Wednesday, April 23, 2014

My 1st Dress Without a Commercial Pattern

I took apart a homemade, brown, floral, vintage dress which I loved...loved beyond repair.  I can't even remember where I got it.  A clothes swap probably.  But I just loved it.  It was simple, functional, flattering with just a hint of out-dated style...which I love.  Using the pieces of the original dress I drafted up a little pattern--adding a little more wiggle room in the areas where I'd blown out the original dress repeatedly.  Clearly I needed more room.  And fabric that wasn't paper thin after decades of wear.
I'd never attempted anything like this before, really.  I mean, there was that one time I tried to make my own hat pattern back in 2011, but that was much smaller scale and didn't really work out like I might have hoped.  I was too new at sewing at that point.  It was too ambitious. But, with this dress I felt ready.  I was up for the challenge.
Turns out, it wasn't even that challenging.  I did add just a bit too much wiggle room and so had to take in the side seems a bit once it was finished.  Also, the darts are not perfectly even.  But, all in all, it was a cinch.  I cut it out and sewed it up in just a couple days--record time for me.  Without any written instructions to follow even!  I was pretty darn pleased with how it all came together.
I really like the cut of this dress, too.  Its interesting.  Sewing it up only made me appreciate that more.  For example, it doesn't have separate pieces for the sleeves.  Its more like a yoke--all one piece--which wraps around at the upper arms making sleeves with a little seam at the armpit.  Its a clever and time-saving design since the sleeves don't have to be set separately.  However, I think it might also explain why I kept tearing the dress--it doesn't have quite as much give.  The dress also has a really nice-looking seam across the upper chest.  It has two deep in-seam pockets.  Every dress should have pockets.  Okay, maybe not every dress, but every dress I'll ever make.  I enlarged the pockets from the original as I'd always thought they could be a little deeper.  It is a great length and fullness for cycling and other physical activities I get up to--like planting fruit trees.
I used vintage navy floral fabric which I bought years ago at the Montana Rescue Mission bargain center.  Now its my new vintage dress--vintage pattern, vintage fabric, brand new creation.  I'm pleased.  I will have to make another.  I'm wearing it right now...as soon as its clean I want to wear it.  Its quickly become a wardrobe staple.  I wore it as my Easter dress, too.

14 comments:

  1. Love the boxers and love your dress!

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    1. Thanks, San! Its so nice when things work out just like I hope they will!

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  2. I am SO IMPRESSED! It looks like fabulous fabric and I love the "new" vintage dress. Such a clever design, too. I know there's a name for that kind of sleeve - dolman, I think. I've never sewed them before, but I bet they're easy. Well done, Beth!!

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    1. It sure was an easy way to make sleeves! And thanks, Margo. Coming from a talented seamstress like yourself I am flattered by your praise.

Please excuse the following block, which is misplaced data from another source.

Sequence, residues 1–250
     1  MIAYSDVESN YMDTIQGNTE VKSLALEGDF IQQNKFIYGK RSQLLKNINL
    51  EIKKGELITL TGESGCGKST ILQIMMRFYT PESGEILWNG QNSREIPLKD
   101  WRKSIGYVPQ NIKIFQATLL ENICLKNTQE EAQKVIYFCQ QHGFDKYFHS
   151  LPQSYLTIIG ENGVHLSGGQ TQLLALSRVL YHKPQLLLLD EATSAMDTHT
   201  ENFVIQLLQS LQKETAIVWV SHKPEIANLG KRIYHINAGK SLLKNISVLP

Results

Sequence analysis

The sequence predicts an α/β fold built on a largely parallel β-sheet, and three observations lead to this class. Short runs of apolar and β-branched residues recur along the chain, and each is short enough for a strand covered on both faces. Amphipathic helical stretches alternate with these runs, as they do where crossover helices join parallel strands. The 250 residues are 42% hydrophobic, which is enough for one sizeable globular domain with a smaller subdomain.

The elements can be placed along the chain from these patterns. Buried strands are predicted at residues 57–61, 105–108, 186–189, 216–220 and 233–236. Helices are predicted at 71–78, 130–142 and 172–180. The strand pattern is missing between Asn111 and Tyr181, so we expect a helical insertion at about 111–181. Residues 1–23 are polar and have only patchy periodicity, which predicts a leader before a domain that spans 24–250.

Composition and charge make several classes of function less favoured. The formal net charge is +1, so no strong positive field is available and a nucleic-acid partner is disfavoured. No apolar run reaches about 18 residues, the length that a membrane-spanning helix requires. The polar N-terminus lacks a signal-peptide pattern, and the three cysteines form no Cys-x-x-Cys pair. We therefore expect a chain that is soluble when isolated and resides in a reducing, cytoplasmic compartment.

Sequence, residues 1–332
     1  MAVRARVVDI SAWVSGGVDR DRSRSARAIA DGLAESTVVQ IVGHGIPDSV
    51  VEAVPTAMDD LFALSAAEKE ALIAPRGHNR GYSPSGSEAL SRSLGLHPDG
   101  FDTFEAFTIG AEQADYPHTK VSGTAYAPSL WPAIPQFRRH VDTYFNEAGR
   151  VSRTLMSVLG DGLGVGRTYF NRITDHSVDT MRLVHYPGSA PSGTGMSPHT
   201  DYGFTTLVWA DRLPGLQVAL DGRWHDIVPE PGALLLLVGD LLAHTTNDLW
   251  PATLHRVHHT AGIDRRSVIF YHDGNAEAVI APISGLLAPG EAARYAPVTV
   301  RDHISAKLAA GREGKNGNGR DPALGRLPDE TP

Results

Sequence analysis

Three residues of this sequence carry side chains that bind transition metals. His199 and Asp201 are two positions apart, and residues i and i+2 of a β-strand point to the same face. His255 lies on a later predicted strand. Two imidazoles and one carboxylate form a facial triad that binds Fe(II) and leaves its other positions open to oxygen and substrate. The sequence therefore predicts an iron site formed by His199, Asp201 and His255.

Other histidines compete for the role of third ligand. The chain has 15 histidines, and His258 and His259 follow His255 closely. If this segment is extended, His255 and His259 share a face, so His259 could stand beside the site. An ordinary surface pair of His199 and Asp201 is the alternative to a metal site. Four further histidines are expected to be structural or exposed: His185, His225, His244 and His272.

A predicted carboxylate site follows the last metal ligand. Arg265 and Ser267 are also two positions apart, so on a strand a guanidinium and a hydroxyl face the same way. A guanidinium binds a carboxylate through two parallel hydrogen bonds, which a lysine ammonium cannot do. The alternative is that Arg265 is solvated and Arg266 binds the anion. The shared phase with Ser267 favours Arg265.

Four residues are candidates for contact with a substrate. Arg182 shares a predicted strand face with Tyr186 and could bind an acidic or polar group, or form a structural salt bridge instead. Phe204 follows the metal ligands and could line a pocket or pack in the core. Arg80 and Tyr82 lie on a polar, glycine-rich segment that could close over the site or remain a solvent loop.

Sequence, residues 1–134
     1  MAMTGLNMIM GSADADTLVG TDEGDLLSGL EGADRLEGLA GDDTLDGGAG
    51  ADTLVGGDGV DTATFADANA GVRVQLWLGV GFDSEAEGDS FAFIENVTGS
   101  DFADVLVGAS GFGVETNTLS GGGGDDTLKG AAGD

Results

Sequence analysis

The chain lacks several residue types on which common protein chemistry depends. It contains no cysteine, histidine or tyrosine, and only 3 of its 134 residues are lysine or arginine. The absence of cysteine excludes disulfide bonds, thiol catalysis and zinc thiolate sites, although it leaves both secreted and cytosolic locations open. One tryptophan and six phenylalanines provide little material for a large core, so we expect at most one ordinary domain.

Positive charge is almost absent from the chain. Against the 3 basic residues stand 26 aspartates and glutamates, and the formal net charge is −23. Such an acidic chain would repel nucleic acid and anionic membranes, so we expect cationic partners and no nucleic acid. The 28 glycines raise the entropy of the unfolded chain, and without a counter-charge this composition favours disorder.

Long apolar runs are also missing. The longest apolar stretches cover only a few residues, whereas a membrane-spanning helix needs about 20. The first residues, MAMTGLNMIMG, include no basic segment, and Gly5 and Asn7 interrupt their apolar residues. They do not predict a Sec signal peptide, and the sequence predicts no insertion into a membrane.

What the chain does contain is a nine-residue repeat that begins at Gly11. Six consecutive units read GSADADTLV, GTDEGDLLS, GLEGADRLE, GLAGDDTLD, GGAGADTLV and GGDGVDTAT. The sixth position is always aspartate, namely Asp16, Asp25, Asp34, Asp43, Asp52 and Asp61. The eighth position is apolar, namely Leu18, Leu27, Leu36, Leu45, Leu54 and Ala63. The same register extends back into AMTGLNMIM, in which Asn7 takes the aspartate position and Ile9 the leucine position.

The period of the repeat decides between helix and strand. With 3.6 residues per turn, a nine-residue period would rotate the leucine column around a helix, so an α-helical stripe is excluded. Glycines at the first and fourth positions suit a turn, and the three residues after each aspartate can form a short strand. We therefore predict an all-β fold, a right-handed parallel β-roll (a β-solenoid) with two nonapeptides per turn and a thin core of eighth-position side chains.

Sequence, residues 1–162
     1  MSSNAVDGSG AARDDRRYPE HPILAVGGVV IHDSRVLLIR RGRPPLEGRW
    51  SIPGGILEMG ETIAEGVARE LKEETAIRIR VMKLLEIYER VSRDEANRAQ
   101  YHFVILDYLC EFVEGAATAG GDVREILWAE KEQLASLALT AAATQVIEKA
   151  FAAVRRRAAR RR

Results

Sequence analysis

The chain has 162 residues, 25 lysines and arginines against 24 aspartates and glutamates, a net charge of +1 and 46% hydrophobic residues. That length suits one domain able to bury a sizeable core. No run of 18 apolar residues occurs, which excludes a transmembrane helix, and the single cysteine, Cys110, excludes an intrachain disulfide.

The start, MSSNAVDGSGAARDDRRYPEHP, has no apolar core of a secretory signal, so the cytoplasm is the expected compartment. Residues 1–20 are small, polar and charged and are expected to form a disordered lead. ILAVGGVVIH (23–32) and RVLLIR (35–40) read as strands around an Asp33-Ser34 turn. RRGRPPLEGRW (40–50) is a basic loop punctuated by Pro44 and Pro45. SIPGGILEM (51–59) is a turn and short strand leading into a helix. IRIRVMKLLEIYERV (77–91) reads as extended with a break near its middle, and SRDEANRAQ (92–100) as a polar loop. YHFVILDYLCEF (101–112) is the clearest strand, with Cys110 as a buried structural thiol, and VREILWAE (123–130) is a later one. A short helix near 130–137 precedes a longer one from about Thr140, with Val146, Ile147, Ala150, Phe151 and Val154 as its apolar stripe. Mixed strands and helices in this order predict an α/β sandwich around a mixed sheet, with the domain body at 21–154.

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  3. That's very clever of you, how impressive!

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    1. Thanks so much! I must give my sister, Lisa, credit for giving me the idea that I could take apart a dress and make a pattern from it. I think its pretty brilliant, especially when the original dress is well past its prime wearability.

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  4. You did a wonderful job! Looks GREAT!

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    1. Aw, thanks, Becky! I was so happy with how it turned out. The fabric really suited the style and the style suits me, I think!

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  5. Your dress is lovely!! Is it weird of me to say I always adore when you post photos including your home? It's so adorable & homey. Looks very comfortable.

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    1. Thanks, TLC! And no, I enjoy peeks into the homes of my blog friends, too. Tania at the Ivy Nest in particular has a home that calls to me.

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  6. I adore your dress! Very flattering, and really such a beautiful fabric. I'd be wearing it all the time too :)
    -Jaime

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  7. Your dress looks fantastic on you. It can be so liberating when you make your first dress without having to buy a commercial pattern. If you want to go further with designing and making your own clothes, look for a used book called Son of Hassle-Free Sewing by Joan Wiener and Sharon Rosenberg and was 1st published in 1972.

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  8. Beth! I just adore you. Always have... This blog is such a true depiction of you, and you are FABULOUS.

    xo

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  9. You're fabulous! Clearly :) Jess

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Thanks for taking the time to share your thoughts and ideas. I value the advice and friendship that you share with me!